into what is now southwestern Saskatchewan.
In 1870, Oblate missionary
Rev. Jules Decorby was assigned to Maple Creek, a Métis village
18 miles north of the Cypress Hills. From this base Lestanc and Decorby
lived for four years with their nomadic parishioners, pitching tents
near rivers and creeks wherever buffalo could be found. The first chapels
were humble and primitive, much like the homes of the Métis.
Using available materials, the buildings were made of poplar poles,
prairie grass and clay. The roofs were of sod and the windows of deerskins
scraped to translucency. A thick buffalo hide nailed to a frame served
as a door.
In spite of hardships such
as the stench of rotting buffalo carcasses, filthy living conditions
in smoky tents, vermin crawling everywhere, grizzly bears, mosquitoes,
flies, grasshoppers, wolves, solitude, nothing to read and hostile Indians,
Lestanc and Decorby appreciated and respected the Métis. Earlier,
Archbishop Alexandre-Antonin Taché had declared that “the
half-breeds can be classed among the really moral people.” As
noted by S.J. Dawson, a civil engineer, in regard to the social condition
of the early Red River settlement, “crime is scarcely known.”
When Lestanc was transferred in 1874 to another post he wrote, “I can honestly say that my parish of some 200 wandering families was the best parish in all of North America. A large number of people attended morning mass and in the evening as many as could, gathered again for prayer.”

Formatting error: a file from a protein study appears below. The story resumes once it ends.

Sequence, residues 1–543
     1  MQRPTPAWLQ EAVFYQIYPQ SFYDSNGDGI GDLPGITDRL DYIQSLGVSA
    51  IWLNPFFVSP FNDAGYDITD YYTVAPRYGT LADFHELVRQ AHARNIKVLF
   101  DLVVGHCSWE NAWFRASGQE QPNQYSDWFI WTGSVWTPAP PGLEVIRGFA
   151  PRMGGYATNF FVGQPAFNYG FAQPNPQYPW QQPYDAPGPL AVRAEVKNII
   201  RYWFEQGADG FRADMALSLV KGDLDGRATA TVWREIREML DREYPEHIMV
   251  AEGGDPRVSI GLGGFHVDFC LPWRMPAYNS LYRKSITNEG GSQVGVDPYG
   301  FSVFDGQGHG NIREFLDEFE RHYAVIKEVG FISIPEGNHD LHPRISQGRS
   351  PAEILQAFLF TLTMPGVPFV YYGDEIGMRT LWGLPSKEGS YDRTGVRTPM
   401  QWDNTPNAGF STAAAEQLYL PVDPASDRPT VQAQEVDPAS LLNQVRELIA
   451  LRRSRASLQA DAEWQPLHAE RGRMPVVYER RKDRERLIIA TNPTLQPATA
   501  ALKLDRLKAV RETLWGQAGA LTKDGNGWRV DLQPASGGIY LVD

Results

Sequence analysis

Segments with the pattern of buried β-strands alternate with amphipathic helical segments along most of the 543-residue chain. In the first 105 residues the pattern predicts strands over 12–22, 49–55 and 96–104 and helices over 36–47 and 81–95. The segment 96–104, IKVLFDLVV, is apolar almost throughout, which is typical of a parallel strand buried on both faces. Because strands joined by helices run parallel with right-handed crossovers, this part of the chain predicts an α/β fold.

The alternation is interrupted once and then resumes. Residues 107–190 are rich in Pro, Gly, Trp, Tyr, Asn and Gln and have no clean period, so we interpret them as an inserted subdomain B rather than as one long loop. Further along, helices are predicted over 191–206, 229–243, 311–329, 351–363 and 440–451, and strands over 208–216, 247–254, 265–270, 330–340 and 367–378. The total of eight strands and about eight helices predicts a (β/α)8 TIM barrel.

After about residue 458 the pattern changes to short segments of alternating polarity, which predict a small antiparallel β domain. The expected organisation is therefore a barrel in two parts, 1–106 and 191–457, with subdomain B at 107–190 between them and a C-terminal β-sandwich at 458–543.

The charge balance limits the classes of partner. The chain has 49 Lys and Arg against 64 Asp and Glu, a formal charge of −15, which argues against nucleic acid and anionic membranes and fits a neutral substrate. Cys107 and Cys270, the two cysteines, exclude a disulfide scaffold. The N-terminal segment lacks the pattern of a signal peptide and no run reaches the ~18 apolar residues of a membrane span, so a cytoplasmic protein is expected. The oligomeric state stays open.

During the last winter he
spent with the Métis, he baptized 88 persons, confirmed 76 and
officiated at 10 marriages.
There was a feeling of mutual
respect between the missionaries and their parishioners. Interviews
with early Métis families in the Maple Creek area described how
Lestanc and Decorby would accompany them on their buffalo hunts. The
men would line up solemnly for confession and communion before the hunt
began. After giving the final blessing, the priests would join them
on their ponies. Before long the black-robed missionaries would find
themselves caught up in the thrill of the hunt, shrieking as fiercely
as everyone else!
One Métis family,
the Leveille family of Maple Creek, has a unique history. Their mother
was Julia MacKenzie, half-breed daughter of the explorer Alexander Mackenzie.
In 1874, Louis Leveille and some of his brothers met the North West
Mounted Police at Old Wives Lake south of present day Moose Jaw and
acted as their interpreters and guides. This association lasted for